When thinking of fierce little critters, poisonous spiders often come to mind. Their fear-inducing image is all over right now for the spooky Halloween season. But there’s actually a group of insects that hunts spiders – the aptly-named assassin bugs. And how they accomplish this feat is quite amusing – the assassin bugs will often “trick” a spider into thinking the bug is caught in a web, and then grab and strike at the spider when it gets close. But if a spider is lucky, it may win with a counterattack and eat the assassin bug instead.
These impressive, stealthy predators eat many different types of insects (including bees!) as well as other little critters, like the arachnids. The assassin bugs do this by using bristled, thin front legs to grab their prey, and a beaklike mouthpart to stab it. These vicious predators then inject deadly saliva (with specialized enzymes) into their captured prey to liquefy it. They then proceed to suck out their prey’s liquid insides.
Assassin bugs are a very successful group, being found pretty much all over the world and including thousands of species. However, since they come in a variety of shapes and diet preferences, some are much more welcome in a person’s house than others. For example, the desirable “masked hunter” (Reduvius personatus) lives in houses and keeps pest populations (like bedbugs, termites, or cockroaches) at bay. Like many assassin bugs, it can camouflage itself – some crafty assassin bugs remarkably use other dead insects as camouflage, while the masked hunter uses dust and debris found in a person’s home. On the opposite end of the spectrum, the human blood-suckers known as “kissing bugs” (belonging to the Triatoma genus) are very unwelcome guests since they can transmit a potentially fatal disease (Chagas disease) to people in Central and South America. (They got their name for specifically biting people’s tender skin around their lips and eyes.) And just about every assassin bug has the ability to deliver a painful bite, with their stabbing mouthpart and liquefying saliva, so it’s not recommended to handle them, even if they aren’t carrying a dangerous disease!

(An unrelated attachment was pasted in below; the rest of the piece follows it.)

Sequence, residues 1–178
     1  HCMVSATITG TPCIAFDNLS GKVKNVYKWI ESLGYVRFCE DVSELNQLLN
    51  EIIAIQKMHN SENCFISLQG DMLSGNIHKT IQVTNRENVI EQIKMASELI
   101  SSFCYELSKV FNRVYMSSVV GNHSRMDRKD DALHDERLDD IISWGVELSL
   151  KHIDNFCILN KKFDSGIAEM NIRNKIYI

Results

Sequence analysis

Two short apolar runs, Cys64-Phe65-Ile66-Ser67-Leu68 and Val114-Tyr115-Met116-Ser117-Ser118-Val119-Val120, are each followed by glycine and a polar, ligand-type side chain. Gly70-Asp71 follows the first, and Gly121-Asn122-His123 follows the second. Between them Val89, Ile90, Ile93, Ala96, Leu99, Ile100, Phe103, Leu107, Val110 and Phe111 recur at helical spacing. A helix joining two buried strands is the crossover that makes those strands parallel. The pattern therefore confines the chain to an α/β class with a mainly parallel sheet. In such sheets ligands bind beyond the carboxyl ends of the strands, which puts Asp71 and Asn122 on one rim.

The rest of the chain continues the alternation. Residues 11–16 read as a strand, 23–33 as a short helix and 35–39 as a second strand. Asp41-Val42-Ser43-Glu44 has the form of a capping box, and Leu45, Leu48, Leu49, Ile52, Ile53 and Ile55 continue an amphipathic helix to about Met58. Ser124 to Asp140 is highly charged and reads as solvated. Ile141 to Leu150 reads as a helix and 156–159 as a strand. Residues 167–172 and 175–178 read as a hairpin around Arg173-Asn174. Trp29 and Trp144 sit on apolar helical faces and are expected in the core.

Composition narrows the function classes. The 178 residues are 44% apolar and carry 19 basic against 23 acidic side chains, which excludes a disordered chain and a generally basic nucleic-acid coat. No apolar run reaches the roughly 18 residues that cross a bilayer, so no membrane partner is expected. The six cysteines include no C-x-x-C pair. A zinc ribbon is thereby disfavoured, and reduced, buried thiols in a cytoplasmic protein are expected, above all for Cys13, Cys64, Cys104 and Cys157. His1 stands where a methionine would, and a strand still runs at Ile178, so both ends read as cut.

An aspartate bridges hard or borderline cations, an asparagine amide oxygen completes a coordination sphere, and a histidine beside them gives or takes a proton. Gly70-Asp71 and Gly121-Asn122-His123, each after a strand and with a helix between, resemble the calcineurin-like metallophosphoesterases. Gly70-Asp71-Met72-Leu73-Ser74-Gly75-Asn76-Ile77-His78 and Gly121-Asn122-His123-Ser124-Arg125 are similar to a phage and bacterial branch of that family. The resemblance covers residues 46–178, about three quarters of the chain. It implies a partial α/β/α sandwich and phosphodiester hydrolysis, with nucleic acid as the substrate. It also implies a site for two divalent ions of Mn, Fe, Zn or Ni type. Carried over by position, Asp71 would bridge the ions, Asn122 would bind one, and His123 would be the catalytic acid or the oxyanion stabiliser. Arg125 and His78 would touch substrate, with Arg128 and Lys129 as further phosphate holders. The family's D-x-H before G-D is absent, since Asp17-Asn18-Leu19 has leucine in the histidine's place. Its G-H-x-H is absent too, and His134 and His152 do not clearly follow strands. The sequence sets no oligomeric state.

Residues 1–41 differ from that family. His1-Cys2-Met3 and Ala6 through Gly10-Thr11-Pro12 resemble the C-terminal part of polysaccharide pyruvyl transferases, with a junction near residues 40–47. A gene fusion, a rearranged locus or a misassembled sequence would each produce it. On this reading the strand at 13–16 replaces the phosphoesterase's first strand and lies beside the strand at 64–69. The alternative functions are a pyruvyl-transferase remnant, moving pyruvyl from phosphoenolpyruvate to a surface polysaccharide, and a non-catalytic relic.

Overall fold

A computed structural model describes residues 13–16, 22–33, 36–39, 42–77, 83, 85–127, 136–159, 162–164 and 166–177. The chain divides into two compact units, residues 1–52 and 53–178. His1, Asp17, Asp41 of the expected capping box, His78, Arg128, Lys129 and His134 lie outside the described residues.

So, although they have some undesirable relatives, remember that there are beneficial insects out there, like the masked hunter, who are trying to fight for us to keep our houses free of bedbugs, termites, cockroaches, and other little pests!
For further reading:
- Duncan Geere’s article “Assassin Bug Eats Spiders After Feigning Capture” in WIRED
- Teisha J. Rowland’s book Biology Bytes: Digestible Essays on Animals Both Commonplace and Bizarre
- BugInfo.com’s article “Nature’s Assassins: Assassin Bugs”
- Butterfly Pavilion’s webpage Insects: White Eyed Assassin Bug